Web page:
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Expressing a desire for peace…

Is apparently a crime in some municipalities in the United States. Well, at least by certain Homeowner’s Associations. First off, I can’t understand how displaying a sign of peace as part of a Christmas decoration is a bad thing. And secondly, when they state that displaying a peace sign is offensive “when our country is at war”, they will have to prove to me that their country is actually at war. Yes, the US military is at war – and 2.5 of their members are dying every day, but there is no way in hell that the nation is at war. Save for a few magnetic “we support the troops” bumper decals for their SUV’s and a few poor people dying for Haliburton’s profit margin, the nation is not at war. Hell, they are even getting tax cuts, that’s how seriously they are at war.

No, the US is not at war and this is just another example of the self-imposed totalitarianism writ large across the soul of the United States. Well done, George, well done Dick.

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4 thoughts on “Expressing a desire for peace…

  1. Also, peace signs are apparently “anti-Christ” according to those quoted in the article? WTF? Whatever happened to “Peace on Earth, Goodwill towards men?”

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  2. Sorry, Kuri, but Christians haven’t been about “peace” for a long, long time. Certainly not since they ponied up with the Necropublicans.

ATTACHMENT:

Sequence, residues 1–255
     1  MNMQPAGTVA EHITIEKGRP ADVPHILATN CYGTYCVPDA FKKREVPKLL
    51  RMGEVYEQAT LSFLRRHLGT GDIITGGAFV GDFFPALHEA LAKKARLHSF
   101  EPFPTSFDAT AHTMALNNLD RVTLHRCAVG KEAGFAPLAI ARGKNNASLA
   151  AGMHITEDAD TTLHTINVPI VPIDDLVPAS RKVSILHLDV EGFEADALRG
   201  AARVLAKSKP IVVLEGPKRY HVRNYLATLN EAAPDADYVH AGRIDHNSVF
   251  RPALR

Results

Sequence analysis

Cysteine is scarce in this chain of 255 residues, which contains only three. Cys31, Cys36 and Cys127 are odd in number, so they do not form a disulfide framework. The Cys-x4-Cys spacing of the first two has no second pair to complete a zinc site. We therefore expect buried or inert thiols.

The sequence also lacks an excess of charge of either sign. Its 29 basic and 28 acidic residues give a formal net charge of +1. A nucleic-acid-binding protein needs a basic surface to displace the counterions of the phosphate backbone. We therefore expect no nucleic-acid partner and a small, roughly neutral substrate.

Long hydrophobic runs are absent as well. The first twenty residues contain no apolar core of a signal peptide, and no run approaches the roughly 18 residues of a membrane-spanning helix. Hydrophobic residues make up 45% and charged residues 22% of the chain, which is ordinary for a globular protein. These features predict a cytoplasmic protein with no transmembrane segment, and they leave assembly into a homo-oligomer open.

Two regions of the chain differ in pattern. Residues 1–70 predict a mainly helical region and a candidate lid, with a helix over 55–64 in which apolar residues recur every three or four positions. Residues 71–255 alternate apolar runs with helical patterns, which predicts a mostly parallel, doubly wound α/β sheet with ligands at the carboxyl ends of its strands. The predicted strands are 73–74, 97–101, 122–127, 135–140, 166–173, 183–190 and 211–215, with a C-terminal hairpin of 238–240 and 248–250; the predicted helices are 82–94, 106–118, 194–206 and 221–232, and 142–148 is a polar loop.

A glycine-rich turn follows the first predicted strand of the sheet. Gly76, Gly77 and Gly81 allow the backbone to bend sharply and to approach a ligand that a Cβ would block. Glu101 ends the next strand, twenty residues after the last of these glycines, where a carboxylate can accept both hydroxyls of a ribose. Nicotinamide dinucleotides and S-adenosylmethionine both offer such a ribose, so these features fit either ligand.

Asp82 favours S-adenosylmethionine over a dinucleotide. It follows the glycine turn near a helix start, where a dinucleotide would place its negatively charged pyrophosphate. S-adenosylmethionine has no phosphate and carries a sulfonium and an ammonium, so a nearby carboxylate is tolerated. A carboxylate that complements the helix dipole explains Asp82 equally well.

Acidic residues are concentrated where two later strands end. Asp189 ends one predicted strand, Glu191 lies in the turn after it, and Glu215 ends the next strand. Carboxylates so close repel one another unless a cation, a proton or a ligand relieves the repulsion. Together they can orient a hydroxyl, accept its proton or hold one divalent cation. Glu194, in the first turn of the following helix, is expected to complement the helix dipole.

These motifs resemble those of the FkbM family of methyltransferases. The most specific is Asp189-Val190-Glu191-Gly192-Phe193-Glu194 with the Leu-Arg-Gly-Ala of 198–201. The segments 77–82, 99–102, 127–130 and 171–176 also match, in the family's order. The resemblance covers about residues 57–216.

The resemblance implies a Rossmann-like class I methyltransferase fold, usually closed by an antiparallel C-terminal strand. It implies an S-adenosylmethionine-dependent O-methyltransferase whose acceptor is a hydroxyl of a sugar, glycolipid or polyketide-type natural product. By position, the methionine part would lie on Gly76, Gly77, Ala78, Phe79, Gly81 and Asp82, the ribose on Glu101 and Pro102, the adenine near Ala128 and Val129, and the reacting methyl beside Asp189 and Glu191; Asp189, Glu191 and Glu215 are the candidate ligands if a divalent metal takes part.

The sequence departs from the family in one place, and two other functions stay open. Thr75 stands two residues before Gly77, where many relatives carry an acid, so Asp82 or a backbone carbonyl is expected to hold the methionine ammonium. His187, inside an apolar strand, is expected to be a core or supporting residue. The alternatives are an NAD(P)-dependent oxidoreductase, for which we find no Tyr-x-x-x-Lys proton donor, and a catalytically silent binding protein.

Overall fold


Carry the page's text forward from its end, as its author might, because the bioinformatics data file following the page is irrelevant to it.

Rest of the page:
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  3. I love the need for the journalist to tell both sides of the story:

    The 1972 edition of Symbol Sourcebook: An Authoritative Guide to International Graphic Symbols, a major reference work by Henry Dreyfuss, admits to uncertainty about the source of the “crow’s foot” design.

    “Controversy surrounds the origin of the ubiquitous peace symbol,” Dreyfuss wrote. “It was introduced by pacifist Lord Bertrand Russell during Easter of 1958, when he marched at Aldermaston, England, campaigning for nuclear disarmament.”

    Dreyfuss said the symbol, designed by a British commercial artist, most likely represents the convergence of the semaphore symbols for the letter D (sic) and the circle symbol, for total nuclear disarmament. Others claim the symbol represents an upside-down cross with broken arms and is therefore anti-Christian or Satanic.

    On the one hand, we have a definitive source by an author who specializes in history symbol origins. On the other, we have some angry man-on-the-street wearing a wife-beater and sipping Budweiser from an Uncle Sam beer hat. We shall give both possible origins of the so-called “Peace Sign” equal weighting.

    Does anyone else think that maybe part of the reporter’s job should be to present the reader with the facts that are most likely true (i.e. make a judgement), rather than list any old facts that happen to fall from the sky?

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  4. Briguy,
    That would require thought, and today’s media is about spoon-feeding pretty people to say what you want.

    There was a knife-fight between journalism and public relations, and public relations won, unfortunately.

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